use-this-coltAfter famed arms inventor and manufacturer Samuel Colt passed away in 1862, his widow Elizabeth wanted to build a memorial to him and their three deceased infants.

When the congregation outgrew the Episcopalian parish mission in the South Meadows area of Colt’s hometown Hartford, Connecticut, Elizabeth decided that the construction of a new house of God would be a fitting tribute to her late husband, while also providing a place of worship for the workmen at the nearby Colt’s Armory, which she had rebuilt after an 1864 fire.

After rejecting the original drawings for the church, Elizabeth settled on the designs of Edward Tuckerman Potter, one of the most talented American architects of the Victorian age. On September 7, 1867, the cornerstone of the new church was laid. After nearly two years of continual work by a legion of artisans, including woodcarvers, masons, stonecutters, stained glass artists, painters and upholsterers, the church was completed in January 1869. The building was financed by Elizabeth, costing her $175,000 (in excess of $2 million today).

The Church of the Good Shepherd was built in the style of the era, English High Victorian Gothic. The sanctuary was adorned with a multi-hued, ornately patterned slate roof, polished red granite columns, stained glass windows, steeples, archways, colossal doors and turrets—all heavily ornamented with ivy wreaths, scriptural passages and religious icons.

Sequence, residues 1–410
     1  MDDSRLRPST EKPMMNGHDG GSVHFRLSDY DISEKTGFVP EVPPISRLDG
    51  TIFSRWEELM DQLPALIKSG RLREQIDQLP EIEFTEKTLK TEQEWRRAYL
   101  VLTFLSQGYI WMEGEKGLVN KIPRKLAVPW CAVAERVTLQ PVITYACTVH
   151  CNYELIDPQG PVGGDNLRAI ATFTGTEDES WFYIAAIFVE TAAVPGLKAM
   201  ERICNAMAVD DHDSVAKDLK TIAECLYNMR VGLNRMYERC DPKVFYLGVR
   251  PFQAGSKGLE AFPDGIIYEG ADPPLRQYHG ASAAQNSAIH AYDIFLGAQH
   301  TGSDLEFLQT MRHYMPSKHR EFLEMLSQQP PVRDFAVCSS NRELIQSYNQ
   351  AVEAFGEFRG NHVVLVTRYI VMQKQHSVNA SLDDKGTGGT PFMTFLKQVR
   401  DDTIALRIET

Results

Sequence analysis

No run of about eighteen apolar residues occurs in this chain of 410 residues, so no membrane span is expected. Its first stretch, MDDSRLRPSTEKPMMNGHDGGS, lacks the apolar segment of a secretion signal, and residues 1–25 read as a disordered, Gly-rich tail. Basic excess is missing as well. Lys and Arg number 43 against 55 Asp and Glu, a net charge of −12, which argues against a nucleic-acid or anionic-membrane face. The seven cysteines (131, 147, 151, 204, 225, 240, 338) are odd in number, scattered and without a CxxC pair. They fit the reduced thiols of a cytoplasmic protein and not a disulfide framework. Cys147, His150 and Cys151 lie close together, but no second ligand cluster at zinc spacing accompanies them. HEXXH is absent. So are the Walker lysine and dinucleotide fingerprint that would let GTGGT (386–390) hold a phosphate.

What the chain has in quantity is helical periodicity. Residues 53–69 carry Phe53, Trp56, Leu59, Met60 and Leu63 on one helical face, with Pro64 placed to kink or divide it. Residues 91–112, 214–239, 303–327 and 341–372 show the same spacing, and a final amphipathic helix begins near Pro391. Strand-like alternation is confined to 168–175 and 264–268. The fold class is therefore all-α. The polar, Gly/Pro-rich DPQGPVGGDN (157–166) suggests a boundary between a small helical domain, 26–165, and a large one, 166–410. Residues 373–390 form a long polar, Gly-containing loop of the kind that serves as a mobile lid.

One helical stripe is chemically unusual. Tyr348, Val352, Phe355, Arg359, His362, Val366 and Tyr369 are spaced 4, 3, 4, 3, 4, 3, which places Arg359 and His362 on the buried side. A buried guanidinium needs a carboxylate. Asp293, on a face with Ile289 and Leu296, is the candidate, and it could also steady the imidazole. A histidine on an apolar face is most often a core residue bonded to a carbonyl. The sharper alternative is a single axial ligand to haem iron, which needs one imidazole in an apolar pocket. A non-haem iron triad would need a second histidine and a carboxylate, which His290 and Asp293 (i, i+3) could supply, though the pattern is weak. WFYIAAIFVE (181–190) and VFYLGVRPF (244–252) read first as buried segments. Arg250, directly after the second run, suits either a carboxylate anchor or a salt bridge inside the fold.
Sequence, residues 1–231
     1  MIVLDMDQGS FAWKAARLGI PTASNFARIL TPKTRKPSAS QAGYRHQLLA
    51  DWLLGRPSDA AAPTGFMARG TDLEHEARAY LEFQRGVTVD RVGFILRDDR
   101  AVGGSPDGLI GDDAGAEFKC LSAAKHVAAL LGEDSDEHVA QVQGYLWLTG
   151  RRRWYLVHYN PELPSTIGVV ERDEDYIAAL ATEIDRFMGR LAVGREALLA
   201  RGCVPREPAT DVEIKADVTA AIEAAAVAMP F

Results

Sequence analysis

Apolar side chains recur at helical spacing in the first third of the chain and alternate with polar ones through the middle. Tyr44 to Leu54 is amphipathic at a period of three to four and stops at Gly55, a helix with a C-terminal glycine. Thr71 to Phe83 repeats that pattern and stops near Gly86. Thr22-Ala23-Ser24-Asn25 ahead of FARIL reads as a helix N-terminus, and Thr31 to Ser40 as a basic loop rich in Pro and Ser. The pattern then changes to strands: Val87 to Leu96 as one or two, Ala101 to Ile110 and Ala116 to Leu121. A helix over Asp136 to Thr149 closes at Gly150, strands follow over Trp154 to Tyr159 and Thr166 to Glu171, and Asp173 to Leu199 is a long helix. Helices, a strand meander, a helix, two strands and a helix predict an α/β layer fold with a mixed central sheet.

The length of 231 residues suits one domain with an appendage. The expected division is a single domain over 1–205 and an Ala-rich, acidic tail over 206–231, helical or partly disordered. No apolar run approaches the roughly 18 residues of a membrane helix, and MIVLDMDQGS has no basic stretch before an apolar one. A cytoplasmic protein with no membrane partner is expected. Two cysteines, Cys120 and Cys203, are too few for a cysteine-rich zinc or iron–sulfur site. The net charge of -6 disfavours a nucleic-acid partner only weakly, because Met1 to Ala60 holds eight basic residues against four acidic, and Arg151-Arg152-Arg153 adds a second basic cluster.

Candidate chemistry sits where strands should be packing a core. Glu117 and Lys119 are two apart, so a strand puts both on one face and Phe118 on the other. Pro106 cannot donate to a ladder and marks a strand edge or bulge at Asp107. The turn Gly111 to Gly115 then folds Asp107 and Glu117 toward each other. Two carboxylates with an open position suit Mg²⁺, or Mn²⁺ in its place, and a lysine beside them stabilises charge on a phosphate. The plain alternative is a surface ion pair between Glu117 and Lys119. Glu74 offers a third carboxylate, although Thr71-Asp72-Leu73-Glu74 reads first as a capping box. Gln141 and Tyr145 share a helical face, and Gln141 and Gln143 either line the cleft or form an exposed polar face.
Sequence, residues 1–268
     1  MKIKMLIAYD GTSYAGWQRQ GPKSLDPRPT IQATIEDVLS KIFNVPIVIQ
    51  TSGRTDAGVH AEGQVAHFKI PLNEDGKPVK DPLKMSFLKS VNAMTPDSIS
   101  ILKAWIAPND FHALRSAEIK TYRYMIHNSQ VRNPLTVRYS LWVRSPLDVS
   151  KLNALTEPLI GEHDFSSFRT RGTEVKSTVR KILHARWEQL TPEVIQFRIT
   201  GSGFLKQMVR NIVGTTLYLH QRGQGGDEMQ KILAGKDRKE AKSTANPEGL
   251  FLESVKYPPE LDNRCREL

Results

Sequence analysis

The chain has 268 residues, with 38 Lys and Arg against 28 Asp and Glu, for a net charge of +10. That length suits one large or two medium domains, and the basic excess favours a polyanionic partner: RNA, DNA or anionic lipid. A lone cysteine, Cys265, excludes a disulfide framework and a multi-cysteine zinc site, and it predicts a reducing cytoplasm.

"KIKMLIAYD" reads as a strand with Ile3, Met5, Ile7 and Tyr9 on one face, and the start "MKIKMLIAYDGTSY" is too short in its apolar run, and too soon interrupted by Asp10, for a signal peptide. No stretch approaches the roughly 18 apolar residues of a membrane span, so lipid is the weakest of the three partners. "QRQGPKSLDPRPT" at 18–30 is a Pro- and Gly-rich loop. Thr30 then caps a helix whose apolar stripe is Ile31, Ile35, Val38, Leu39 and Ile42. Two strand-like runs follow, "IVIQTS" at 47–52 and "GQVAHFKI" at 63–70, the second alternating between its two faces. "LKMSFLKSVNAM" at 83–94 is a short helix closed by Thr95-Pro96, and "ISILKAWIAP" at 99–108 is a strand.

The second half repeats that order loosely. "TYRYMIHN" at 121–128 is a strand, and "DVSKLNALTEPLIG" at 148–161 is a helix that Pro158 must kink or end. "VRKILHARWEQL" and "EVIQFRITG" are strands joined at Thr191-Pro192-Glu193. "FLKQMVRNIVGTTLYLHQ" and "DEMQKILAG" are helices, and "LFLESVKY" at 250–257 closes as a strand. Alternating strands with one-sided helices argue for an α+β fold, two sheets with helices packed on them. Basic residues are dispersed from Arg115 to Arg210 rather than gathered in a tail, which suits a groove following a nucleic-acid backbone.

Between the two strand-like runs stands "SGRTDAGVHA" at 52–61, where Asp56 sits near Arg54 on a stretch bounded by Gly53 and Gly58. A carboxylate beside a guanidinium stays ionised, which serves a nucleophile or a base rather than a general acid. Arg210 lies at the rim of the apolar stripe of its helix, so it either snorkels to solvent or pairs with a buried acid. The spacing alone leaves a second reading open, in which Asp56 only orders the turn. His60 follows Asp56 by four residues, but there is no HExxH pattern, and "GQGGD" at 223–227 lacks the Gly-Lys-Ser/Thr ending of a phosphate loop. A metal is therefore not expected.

Hailed as a “gem of Ecclesiastical Architecture,” the church quickly became the pride of Hartford, and it was considered a technological marvel of its time.

But one particular portion of the church’s intricate décor is truly unique. The church’s southwest entranceway, known as the armorer’s porch, is  decorated with detail-perfect likenesses of 1851 Navy Colt revolvers—carved in sandstone. The archway and elaborately ornamented columns are festooned with Christian crosses intermingled with ’51 Navy Colt hammers, pistol grips, trigger guards, barrels, bullet molds and percussion cylinders—nestled among accents of ivy leaves.

Such décor may not be politically correct in modern times, but as author William Hosley wrote in his book Colt: The Making of an American Legend, “Whatever one thinks of the politics, the kinship of religion, industry, and empire has rarely been so boldly proclaimed.”

The church’s distinctive six-gun ornamentation does indeed bring to mind the biblical proverb: “Blessed are the Peacemakers.”

And now the church and its six-guns may soon become part of a national park. Last October, President George W. Bush signed a law directing the National Park Service to complete its study of whether or not the Coltsville area of Hartford should be designated a national park.

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